Such was the case for the Drummond Report - lots of ideas were presented, with interest groups picking the ones that mattered to them and pushing for action/insisting that action not be taken.  Politicians were the ultimate recipients of all this lobbying activity and based their go-forward options on what they felt was in their best political fortunes, which theoretically maps to the biggest voices from the public.

That's how democracy works, right?  Everyone pursues their own interests and majority rules.

But we all know that isn't how it works - the loudest voice can come from the smallest groups, if they are well-funded.  I remember once sitting around a board-room table with a bunch of political organizers who talked about how they wanted a commission created and who they wanted to have on it, but how they would shape the recommendations regardless.  Their clients would then be well-positioned to get what they want, whether it was in the broader public interest or not.

That's not democracy - that's transactional politics.  Which is what we get when the smart people only care about what they're paid to care about.

This is why we have so many boring, unsexy or complex structural issues that never get addressed or, at best, get token solutions so that a government can't be accused of not caring.  In the worst possible scenario, transactional players actively want problems to persist so that they can keep getting paid to address them.  

Why on earth would I try to solve lead poisoning when I make my money curing it?  That'd be like putting myself out of business - or forcing myself to adapt.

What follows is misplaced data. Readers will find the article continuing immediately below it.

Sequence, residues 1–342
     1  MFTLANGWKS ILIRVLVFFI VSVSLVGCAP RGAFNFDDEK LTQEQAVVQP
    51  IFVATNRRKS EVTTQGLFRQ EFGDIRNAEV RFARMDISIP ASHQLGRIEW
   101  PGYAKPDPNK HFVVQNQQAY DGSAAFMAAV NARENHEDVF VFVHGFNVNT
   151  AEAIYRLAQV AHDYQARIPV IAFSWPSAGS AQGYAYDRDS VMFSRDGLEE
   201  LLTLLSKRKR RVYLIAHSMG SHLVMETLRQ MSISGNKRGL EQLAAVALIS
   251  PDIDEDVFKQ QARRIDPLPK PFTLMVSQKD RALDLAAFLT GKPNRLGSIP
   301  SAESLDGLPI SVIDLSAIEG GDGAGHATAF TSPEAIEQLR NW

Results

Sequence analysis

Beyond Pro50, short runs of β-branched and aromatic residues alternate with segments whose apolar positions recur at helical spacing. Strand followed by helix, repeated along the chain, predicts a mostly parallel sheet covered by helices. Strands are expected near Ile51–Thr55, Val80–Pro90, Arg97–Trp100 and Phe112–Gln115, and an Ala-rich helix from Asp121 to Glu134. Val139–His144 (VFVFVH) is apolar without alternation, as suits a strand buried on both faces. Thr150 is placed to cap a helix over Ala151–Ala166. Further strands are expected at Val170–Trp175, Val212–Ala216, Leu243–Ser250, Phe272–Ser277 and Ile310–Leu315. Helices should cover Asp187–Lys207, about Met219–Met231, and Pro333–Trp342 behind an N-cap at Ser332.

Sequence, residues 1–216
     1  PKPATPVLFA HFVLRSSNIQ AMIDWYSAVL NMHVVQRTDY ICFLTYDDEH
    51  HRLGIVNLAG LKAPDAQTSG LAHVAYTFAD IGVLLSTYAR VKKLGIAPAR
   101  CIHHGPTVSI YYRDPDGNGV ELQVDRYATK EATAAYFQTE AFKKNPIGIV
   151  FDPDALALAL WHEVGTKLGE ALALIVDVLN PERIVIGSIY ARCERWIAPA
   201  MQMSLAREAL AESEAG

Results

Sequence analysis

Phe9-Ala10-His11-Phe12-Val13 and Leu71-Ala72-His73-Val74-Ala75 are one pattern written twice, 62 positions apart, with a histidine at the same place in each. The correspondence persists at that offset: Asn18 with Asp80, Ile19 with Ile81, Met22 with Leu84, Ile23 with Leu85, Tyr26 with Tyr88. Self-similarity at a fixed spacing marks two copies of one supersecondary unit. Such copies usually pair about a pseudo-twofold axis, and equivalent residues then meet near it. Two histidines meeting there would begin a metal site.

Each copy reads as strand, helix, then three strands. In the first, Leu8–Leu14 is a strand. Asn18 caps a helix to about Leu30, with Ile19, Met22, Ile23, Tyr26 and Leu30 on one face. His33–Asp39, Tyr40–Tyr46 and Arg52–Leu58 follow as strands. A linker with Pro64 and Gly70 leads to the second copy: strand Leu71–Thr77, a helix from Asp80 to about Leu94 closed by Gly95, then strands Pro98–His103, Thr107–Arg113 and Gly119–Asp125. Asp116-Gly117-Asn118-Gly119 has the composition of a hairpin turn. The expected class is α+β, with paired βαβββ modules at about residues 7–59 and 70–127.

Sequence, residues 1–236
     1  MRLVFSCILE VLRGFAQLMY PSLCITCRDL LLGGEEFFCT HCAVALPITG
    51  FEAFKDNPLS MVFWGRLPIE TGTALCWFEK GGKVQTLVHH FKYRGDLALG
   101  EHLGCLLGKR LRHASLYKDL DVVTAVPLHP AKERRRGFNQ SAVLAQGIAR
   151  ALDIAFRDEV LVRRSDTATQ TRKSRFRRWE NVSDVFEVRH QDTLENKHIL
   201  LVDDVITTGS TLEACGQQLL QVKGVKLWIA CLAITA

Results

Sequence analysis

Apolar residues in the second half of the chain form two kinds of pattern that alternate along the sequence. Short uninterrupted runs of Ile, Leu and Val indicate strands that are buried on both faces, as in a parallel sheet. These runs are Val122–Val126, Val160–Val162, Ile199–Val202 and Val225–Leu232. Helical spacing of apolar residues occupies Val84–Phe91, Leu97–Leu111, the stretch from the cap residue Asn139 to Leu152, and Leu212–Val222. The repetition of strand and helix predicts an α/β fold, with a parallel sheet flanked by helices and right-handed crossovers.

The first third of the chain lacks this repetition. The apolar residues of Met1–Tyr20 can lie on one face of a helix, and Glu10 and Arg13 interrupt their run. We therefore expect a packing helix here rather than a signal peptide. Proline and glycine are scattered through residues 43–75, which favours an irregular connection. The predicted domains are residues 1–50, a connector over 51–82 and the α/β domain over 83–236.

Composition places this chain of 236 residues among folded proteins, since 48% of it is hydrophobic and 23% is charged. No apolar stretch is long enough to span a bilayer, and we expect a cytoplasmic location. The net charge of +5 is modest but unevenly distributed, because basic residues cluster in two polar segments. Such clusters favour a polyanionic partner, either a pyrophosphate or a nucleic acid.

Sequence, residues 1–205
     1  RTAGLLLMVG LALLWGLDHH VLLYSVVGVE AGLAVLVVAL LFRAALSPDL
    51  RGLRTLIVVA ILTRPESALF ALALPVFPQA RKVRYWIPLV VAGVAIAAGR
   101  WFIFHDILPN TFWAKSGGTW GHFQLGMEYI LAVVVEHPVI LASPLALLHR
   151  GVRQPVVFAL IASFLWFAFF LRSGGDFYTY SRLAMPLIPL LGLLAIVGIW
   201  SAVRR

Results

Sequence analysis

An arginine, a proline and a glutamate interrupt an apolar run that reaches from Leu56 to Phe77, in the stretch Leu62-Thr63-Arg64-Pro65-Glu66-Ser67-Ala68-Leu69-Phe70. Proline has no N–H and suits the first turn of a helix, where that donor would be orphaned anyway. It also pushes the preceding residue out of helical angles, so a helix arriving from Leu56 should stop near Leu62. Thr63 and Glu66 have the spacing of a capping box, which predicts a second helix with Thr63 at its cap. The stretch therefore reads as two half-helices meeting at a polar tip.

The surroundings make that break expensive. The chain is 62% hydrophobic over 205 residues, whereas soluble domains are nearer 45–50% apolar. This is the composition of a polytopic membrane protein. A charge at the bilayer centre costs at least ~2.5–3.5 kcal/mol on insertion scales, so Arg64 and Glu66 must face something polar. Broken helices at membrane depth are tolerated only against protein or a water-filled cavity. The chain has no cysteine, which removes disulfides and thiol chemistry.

This is why the best consultants aren't the people paid to think, but the people who live a given problem every day.  They have insight into how the problem impacts them on multiple levels, can walk policy-makers through their challenges and offer ideas that are grounded in their world, rather than imposed from above.

Far too often, public consultations is a PR exercise - something to keep the plebes happy, rather than an actual attempt to gain insight and ideas.  It's too bad, this, because there are a lot of great ideas brewing among the people policies are being designed to help.

Why?  It's easy - solving their problems isn't a think they get paid for, it's their life.  This is why the best, most passionate and most dedicated advocates for any cause are people with lived experience.  Think Clara Hughes.  Heck, go bigger and think Helen Keller, or the likes of Martin Luther King Jr.  They weren't motivated by money to change the world - they wanted to change the world so that they might equitably live in it.